Wednesday 22 February 2017

A Tasting with Man 'O War from Wahieke Island New Zealand

Yesterday I had the pleasure of meeting Sara Fogarty from Man 'O War wines, and taste through there current releases and a couple of library samples, so we could gauge how they will age. Now as the title suggests Man 'O War are based on Wahieke Island, New Zealand, in the Hauraki Gulf, east of Auckland on the North island.

The estate was originally 4 farms that were all purchased in the early 80's and combined to create a massive 4,500 acre estate in the north eastern corner of the island. Only 150 acres across 76 sites are under vine, and this is still a working farm with sheep, olives, fruit and your even able to get married at the chapel on the estate. Each of the vineyard sites has been selected due to it's facing, soil and microclimate for specific varieties, the one grape they don't grow though is Pinot Noir as they are too far north for it, they concentrate on the varieties from Bordeaux and the Northern Rhone for their reds. They also have a very interesting take on naming vineyard sites, with names such as Lunatics, Madmans, Asylum and Bitch just to give you an idea, and their wines as you'll see below.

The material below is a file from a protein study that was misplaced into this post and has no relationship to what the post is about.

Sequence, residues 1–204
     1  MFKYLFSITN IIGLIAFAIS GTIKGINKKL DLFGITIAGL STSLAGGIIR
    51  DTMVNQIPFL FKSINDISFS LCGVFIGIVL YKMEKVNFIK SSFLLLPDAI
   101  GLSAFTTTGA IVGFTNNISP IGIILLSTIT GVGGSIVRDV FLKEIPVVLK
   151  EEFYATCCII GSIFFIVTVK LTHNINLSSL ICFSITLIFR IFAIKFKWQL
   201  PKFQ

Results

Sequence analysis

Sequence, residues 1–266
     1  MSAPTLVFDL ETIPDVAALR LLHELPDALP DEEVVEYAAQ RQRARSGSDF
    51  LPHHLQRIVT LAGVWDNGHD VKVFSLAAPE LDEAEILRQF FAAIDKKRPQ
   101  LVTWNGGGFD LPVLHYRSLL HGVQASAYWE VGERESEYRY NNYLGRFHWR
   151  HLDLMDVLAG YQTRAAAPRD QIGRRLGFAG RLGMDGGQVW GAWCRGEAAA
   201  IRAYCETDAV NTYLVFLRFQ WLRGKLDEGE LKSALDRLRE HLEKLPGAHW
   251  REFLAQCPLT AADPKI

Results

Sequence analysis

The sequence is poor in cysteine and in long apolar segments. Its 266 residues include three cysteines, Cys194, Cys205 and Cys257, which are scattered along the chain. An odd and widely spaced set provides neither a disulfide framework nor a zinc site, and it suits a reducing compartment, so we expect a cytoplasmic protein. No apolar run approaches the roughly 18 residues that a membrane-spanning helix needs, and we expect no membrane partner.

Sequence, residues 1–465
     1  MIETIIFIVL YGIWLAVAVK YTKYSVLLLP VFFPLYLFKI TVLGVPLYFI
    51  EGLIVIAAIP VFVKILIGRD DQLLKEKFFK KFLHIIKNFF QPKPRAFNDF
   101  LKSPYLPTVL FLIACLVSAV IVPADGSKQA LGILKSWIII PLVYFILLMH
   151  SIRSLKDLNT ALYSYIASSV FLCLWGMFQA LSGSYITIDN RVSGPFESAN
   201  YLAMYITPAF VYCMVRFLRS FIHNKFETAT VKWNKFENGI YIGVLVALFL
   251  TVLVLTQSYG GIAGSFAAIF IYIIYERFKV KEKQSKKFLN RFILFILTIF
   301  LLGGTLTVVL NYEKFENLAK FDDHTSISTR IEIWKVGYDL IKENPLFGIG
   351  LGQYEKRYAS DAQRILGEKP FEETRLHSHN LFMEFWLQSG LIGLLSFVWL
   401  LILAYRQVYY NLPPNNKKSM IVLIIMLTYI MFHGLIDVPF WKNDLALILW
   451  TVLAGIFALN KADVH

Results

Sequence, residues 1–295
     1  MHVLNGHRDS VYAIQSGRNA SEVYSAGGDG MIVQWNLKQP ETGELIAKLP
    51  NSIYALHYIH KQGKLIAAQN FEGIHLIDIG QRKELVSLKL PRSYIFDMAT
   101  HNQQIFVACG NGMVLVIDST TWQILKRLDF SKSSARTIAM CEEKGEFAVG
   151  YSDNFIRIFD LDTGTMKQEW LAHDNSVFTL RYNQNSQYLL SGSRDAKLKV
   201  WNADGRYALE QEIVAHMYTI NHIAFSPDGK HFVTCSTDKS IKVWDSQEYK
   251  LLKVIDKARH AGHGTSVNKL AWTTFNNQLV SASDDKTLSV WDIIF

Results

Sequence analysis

Cliff's Vineyard
Ponui Island
Madmans Vineyard


The vineyards started to be planted in 1992 by Matt Allen who is still Vineyard Manager today, the first vintage was produced 1996 and they didn't release any wine till 2006! Then in 2008 Duncan McTavish came on board as Winemaker having previously worked for Waipara Springs and before that Pegasus Bay (one of my favourite vineyards). The one thing that struck me the most during the introduction to the vineyard was the ethos of 'for the future', they are all about taking there time getting it right and making sure everything is in place for the future generations to continue and develop.

On to the tasting, we started with;

2013 Gravestone
This is a blend of 75% Sauvignon Blanc and 25% Semillon, a classic Bordeaux blend, not usually one of my favourites but this one I really enjoyed. 20% of the Sauvignon and all of the Semillon go into pucheons to give the wine a touch more richness and some gentle spice while retaining the fruit and refreshing minerality perfectly balanced with the acidity.

2014 Valhalla